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Melville J. Herskovits and the Racial Politics of Knowledge, Melville J. Herskovits and the Racial Politics of Knowledge, 0803221878, 0-8032-2187-8, 978-0-8032-2187-1, 9780803221871, Jerry Gershenhorn, Critical Studies in the History of Anthropology, Melville J. Herskovits and the Racial Politics of Knowledge, 0803203950, 0-8032-0395-0, 978-0-8032-0395-2, 9780803203952, Jerry Gershenhorn, Critical Studies in the History of Anthropology, Melville J. Herskovits and the Racial Politics of Knowledge, 080322247

Melville J. Herskovits and the Racial Politics of Knowledge
Jerry Gershenhorn

hardcover
2004. 347 pp.
Illus.
978-0-8032-2187-1
$29.95 s
 
paperback
2007. 347 pp.
978-0-8032-2247-2
$29.95 s
 

Melville J. Herskovits and the Racial Politics of Knowledge is the first full-scale biography of the trailblazing anthropologist of African and African American cultures. Born into a world of racial hierarchy, Melville J. Herskovits (1895–1963) employed physical anthropology and ethnography to undermine racist and hierarchical ways of thinking about humanity and to underscore the value of cultural diversity. His research in West Africa, the West Indies, and South America documented the far-reaching influence of African cultures in the Americas. He founded the first major interdisciplinary American program in African studies in 1948 at Northwestern University, and his controversial classic The Myth of the Negro Past delineated African cultural influences on American blacks and showcased the vibrancy of African American culture. He also helped forge the concept of cultural relativism, particularly in his book Man and His Works. While Herskovits promoted African and African American studies, he criticized some activist black scholars, most notably Carter G. Woodson and W. E. B. Du Bois, whom he considered propagandists because of their social reform orientation.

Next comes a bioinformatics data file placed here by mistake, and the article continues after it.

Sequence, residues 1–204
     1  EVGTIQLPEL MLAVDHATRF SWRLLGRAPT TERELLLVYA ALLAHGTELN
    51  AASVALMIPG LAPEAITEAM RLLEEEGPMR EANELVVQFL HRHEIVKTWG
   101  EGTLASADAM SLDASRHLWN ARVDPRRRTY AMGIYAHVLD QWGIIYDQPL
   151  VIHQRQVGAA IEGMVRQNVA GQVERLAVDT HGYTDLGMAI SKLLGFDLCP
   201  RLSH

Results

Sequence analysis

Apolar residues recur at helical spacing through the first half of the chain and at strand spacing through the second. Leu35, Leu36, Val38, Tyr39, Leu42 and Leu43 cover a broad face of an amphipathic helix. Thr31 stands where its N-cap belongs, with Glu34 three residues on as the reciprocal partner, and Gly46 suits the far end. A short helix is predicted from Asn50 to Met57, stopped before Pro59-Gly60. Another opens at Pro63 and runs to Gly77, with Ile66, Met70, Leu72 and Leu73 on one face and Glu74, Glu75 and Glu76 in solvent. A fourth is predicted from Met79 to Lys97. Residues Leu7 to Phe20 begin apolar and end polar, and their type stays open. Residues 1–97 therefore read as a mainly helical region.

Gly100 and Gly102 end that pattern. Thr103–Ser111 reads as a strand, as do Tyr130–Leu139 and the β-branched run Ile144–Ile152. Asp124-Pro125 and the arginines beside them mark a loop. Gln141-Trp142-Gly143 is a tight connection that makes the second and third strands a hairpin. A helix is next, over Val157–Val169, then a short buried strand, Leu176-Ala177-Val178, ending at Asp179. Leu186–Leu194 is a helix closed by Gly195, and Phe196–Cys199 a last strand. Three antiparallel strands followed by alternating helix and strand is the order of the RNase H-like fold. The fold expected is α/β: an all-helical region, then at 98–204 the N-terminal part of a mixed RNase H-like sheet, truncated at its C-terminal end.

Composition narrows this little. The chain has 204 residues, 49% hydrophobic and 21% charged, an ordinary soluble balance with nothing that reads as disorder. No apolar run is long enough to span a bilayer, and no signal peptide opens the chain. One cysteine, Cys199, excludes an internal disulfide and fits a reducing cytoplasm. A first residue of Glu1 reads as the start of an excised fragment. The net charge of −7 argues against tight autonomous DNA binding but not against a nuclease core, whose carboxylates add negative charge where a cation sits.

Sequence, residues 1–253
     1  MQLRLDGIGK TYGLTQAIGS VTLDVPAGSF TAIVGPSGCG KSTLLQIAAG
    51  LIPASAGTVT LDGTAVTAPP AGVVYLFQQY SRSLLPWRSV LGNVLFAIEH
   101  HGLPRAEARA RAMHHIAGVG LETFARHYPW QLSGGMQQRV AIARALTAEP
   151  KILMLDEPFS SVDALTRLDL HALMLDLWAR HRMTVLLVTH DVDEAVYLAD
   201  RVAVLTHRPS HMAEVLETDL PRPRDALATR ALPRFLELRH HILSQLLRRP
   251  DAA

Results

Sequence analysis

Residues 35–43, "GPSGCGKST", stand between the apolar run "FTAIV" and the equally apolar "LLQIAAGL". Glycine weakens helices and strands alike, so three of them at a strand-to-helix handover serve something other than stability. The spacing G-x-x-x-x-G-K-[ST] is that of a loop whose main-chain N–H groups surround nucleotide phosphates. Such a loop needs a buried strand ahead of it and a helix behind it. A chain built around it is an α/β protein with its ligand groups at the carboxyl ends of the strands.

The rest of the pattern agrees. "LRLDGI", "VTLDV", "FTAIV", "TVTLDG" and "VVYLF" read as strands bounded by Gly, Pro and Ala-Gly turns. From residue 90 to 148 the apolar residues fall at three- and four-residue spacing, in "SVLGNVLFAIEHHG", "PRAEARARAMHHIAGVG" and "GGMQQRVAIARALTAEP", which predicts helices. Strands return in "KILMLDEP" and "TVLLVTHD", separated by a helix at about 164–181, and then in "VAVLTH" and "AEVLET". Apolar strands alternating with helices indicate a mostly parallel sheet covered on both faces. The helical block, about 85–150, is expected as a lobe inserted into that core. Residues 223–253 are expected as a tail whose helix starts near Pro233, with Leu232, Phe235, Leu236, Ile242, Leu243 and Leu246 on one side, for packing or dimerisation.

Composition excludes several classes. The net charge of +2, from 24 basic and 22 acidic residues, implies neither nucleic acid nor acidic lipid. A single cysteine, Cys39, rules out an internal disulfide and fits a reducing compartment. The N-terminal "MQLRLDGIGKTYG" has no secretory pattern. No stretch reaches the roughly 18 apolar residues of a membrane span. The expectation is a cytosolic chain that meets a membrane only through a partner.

After World War II, Herskovits became an outspoken public figure, advocating African independence and attacking American policymakers who treated Africa as an object of Cold War strategy. Drawing extensively on Herskovits’s private papers and published works, Jerry Gershenhorn’s biography recognizes Herskovits’s many contributions and discusses the complex consequences of his conclusions, methodologies, and relations with African American scholars.

Jerry Gershenhorn is an assistant professor of history at North Carolina Central University.

"Melville J. Herskovits (1895-1963) played a signal role in establishing African anthropology and African studies in the American academy. . . . Herskovits's Diasporic vision has shown remarkable staying power inside and outside the academy, influencing ongoing identity politics, regardless of any inherent originality or truth. For this reason, Jerry Gershenhorn's intellectual biography, which sets Herskovits in the context of the race issue in the United States, is a welcome addition to the debate."—The Times Literary Supplement

“Gershenhorn tells Herskovits’s important story with amazing insight and clarity.”—John David Smith, The North Carolina Historical Review

“This portrait of Melville Herskovits is a valuable introduction.”—Ethnic and Racial Studies

"[A] fascinating and brilliant intellectual biography. This lucid and engaging text belongs in every serious anthropology and African studies collection."—Choice

"Gershenhorn's volume will very likely stand the test of time and will become the standard by which biographies of the behavioral scientists who were bedeviled by the black-white paradigm will be judged. This volume has solid foundations based on in-depth research in all of the major repositories of Africana-related human science materials, and it provides a synthesis of the vast literature in the history of the human sciences."—Vernon J. Williams, Jr., Journal of African American History


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